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November 17, 2015

by Tim Caswell

Using Redis in Luvit

Have you ever wanted to use Redis with Luvit? Now you can with the new creationix/redis-client package in lit!

One Luvit program will consume a public websocket based API to get live RSVPs for Meetup and write some data to Redis.

Another Luvit program will serve a webpage with a live leaderboard of most popular group topics (also via websockets) to the browser.

Sample Output

Processing the Event stream

Luvit is really good at speaking various TCP based network protocols. We’ve been especially happy with the WebSocket protocol that’s used by lit itself.

Naturally, connecting to a WebSocket based event stream is a piece of cake.

local redisConnect = require('redis-client')
local websocketConnect = require('websocket-client')

local function process()
  -- Connect to redis
  local send = redisConnect { host = "localhost", port = 6379 }
  -- Connect to event stream
  local read, write = websocketConnect "ws://"

  -- TODO: process stream
  • send(query) -> response - Send Redis a command and get back the response.
  • read() -> message - Read a WebSocket message.
  • write(message) - Write a WebSocket message.

With send, read, and write we have a simple API for reading from the WebSocket stream and writing commands to Redis.

Let’s make a simple loop to extract out the topics and increment a sorted set in Redis to count the frequency of the topics.

local jsonParse = require('json').parse

for message in read do
  if message.opcode == 1 then
    local topics = jsonParse(message.payload).group.group_topics
    for i = 1, #topics do
      local topic = topics[i]
      if send("exists", topic.urlkey) == 0 then
        -- Store the full name by key if it's not there yet.
        send("set", topic.urlkey, topic.topic_name)
      -- Increment the entry in the sorted set.
      send("zincrby", "frequency", 1, topic.urlkey)

The full script can be found at process.lua.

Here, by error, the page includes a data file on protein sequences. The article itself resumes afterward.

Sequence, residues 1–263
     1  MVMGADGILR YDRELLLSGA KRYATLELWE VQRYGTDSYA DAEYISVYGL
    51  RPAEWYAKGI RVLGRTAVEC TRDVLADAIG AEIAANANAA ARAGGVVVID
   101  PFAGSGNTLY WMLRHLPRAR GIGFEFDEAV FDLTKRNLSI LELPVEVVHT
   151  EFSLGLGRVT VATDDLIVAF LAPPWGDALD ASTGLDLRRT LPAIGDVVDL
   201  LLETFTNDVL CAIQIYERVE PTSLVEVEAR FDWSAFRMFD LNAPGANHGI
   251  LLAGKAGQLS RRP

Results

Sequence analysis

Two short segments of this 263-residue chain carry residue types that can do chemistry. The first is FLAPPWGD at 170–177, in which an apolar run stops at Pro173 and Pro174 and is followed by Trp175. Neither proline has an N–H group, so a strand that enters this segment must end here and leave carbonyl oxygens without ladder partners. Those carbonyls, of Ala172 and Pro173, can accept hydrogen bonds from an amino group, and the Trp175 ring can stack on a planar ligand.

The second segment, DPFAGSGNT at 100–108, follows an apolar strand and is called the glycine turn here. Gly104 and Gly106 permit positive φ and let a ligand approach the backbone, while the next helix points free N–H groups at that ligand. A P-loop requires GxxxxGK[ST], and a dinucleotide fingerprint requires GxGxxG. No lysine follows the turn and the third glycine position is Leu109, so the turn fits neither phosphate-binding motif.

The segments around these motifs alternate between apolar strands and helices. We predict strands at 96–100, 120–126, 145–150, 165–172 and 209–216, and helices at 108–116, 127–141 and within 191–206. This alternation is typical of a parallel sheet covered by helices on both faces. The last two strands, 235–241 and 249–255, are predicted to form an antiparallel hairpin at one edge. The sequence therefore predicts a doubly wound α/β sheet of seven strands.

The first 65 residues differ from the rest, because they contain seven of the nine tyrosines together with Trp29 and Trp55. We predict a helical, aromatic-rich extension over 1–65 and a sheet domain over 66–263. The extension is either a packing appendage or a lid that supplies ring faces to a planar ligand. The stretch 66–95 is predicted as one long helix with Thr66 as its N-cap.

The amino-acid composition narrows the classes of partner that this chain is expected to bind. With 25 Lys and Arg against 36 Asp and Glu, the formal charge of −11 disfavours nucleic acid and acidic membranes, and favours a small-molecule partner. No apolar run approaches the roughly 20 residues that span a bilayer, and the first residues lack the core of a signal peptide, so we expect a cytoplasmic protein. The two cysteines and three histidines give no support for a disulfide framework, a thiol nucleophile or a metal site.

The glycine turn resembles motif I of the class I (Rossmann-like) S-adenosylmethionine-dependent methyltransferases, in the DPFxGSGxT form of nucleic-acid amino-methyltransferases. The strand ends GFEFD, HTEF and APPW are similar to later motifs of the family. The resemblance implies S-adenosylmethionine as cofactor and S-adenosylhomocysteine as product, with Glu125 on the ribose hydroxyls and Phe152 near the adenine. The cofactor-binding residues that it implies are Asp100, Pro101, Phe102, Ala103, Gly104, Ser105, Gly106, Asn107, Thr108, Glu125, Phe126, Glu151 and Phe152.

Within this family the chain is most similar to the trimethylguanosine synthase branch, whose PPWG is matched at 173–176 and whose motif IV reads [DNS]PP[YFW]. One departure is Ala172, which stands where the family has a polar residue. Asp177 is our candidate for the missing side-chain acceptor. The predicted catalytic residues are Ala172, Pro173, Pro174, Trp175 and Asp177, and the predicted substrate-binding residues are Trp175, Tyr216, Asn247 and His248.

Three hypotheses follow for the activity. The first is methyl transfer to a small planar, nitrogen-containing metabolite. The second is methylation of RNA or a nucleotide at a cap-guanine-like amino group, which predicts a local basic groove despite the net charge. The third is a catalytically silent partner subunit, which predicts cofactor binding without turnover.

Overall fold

To put some data in our Redis we only need to run this with Luvit. Leave it running so we can see rankings change in real-time.

lit install creationix/redis-client creationix/websocket-client
luvit process.lua

Making the Web Server

Luvit is also pretty good at creating web applications. We’ll be using the WebLit framework again for http static file serving and WebSocket handling.


  host = "",
  port = 3000


  path = "/",
  protocol = "resp",
}, handleSocket)

.use(require('weblit-static')(module.dir .. "/www"))


This creates a server at http://localhost:3000/ that serves up our client-side JavaScript app. We now need to write the handleSocket function that will proxy data between the WebSocket client in the browser and the Redis server that Luvit has access to.

local send
local names = {}
local function handleSocket(req, read, write)
  if not send then
    -- Connect to redis on first websocket client.
    send = require('redis-client')()
  -- Read commands from the browser
  for message in read do
    if message.opcode == 1 then
      -- On text frames, split the command into a lua list.
      local list = {}
      for part in message.payload:gmatch("%w+") do
        list[#list + 1] = part

      -- And send the query to redis.
      local res = send(unpack(list))
      p(list, res)

      -- Then process the result a little
      for i = 1, #res, 2 do
        local key = res[i]
        local name = names[key]
        if not name then
          -- Replace short names with full names, lazy load from redis.
          name = send("GET", key)
          names[key] = name
        res[i] = name
        -- Pre-parse the frequency to a number
        res[i + 1] = tonumber(res[i + 1])

      -- Send the result as JSON to the browser
      write {
        opcode = 1,
        payload = jsonStringify(res)

  -- Close the redis connection when the browser closes

The full script can be found at server.lua.

Run the server so our browser can talk to it.

lit install creationix/weblit
luvit server.lua

Open your browser to http://localhost:3000/. If all goes well, you should soon see colorful topics appear.

The Browser Client

I won’t show all the HTML, CSS and JavaScript that make up the client, full source can be found at www, but the important part is how the client connects to the WebSocket endpoint.

window.onload = function () {
  var url = (""+window.location.origin).replace(/^http/, "ws");
  var connection = new WebSocket(url, ['resp']);

  connection.onopen = function (evt) {
    console.log("Connected to " + url);
    setInterval(update, 500);

  function update() {
    connection.send("ZREVRANGEBYSCORE frequency inf 5 WITHSCORES LIMIT 0 200");

  connection.onerror = function (evt) {
    console.error("Problem connecting to " + url);

  connection.onmessage = function (evt) {
    var list = JSON.parse(;
    // TODO: update display with list.

As you can see, the browser only needs to send a string query like ZREVRANGEBYSCORE frequency inf 5 WITHSCORES LIMIT 0 200 and will get back a response in JSON form for easy consumption.

I hope this opens up doors to new possibilities for using Luvit and Redis together. Let me know what you think.